By Mia Lamar
Take-Two Interactive Software Inc. on Thursday said it won't release "Grand Theft Auto V" until September, delaying the launch of a high-profile title that players and investors have been awaiting for years.
Originally slated for release this spring, "Grand Theft Auto V" will now be released on Sept. 17., more than five years after the game's previous iteration was launched. Take-Two said in November that the franchise has sold more than 125 million units over its lifespan.
Investors voiced their disapproval, sending the stock down much as 12% Thursday. Shares recovered some, last trading down 4.9% to $12.42.
The company said the release was moved to September to "allow additional development time." A Take-Two spokesman declined to provide additional details, though the game's developer, Rockstar Games, issued an apology to players on its official blog.
"We know this is about four months later than originally planned, and we know that this short delay will come as a disappointment to many of you, but, trust us, it will be worth the extra time," the post read. Rockstar in November 2011 first acknowledged it was working on the game.
Delays are commonplace across the videogame industry, adding further unpredictability to an industry that is also battling rising competition from less-expensive mobile games and shaky consumer confidence.
Take-Two also has struggled to keep pace with a broad industry shift toward massive multiplayer games, which bring together dozens or hundreds of players. "Grand Theft Auto V" will be the first time the franchise incorporates massive multiplayer functionality, one likely reason for the delay, according to Piper Jaffray analyst Michael Olson.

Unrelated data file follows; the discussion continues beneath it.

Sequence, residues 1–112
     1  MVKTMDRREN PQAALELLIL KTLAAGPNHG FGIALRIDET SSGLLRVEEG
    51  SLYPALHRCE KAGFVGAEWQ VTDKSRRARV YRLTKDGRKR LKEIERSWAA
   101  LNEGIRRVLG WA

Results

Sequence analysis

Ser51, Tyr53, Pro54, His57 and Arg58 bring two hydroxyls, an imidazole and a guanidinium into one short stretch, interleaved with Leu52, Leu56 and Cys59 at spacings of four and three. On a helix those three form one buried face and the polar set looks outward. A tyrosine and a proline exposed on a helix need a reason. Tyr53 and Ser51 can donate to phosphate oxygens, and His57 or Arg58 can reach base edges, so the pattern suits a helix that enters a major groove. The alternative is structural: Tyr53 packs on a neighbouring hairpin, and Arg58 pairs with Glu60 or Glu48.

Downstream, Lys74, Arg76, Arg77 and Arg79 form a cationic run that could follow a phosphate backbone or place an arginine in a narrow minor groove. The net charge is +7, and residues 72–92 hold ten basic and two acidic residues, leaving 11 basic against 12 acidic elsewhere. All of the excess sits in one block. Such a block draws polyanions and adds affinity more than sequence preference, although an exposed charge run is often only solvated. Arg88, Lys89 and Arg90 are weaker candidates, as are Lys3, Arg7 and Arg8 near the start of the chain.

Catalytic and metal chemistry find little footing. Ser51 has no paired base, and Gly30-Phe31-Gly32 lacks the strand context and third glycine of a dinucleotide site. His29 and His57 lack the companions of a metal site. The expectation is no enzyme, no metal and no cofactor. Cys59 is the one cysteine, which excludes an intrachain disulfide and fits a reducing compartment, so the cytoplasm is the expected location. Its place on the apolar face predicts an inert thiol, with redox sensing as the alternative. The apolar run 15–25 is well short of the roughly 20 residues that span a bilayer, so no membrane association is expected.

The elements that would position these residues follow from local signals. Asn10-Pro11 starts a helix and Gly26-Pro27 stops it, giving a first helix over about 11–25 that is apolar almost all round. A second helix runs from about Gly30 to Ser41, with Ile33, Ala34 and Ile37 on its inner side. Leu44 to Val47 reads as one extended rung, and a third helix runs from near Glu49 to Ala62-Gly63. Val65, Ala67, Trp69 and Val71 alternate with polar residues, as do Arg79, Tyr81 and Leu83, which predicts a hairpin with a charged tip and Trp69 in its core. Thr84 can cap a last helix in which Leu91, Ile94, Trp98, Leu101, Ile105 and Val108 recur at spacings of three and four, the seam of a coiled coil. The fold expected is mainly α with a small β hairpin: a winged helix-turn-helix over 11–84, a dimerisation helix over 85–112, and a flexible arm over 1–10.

A release this spring, as originally expected, would have left "Grand Theft Auto V" without a major competing title for months. Rival Activision Blizzard Inc. is expected to release a new iteration of its popular war-simulation franchise "Call of Duty" in November. Players also are hoping for a new "Battlefield" title from Electronic Arts Inc. by year's end.
The delayed release date "does put them into more direct competition with major titles in the fall, but ultimately I don't think it's going to materially change demand," Mr. Olson said.
Delays and a dearth of new titles have made for unpredictable earnings at Take-Two, which in October slashed its full-year outlook after posting three straight quarterly losses. The company is expected to report fiscal-third-quarter results on Feb. 5.
That unpredictability is one reason why Brean Capital analyst Todd Travis Mitchell has stayed to the sidelines on the stock.
"How do I value this company when there's never been anything like normalized earnings?" Mr. Mitchell said, adding that Take-Two makes good games but is "still stuck in a movie studio model."
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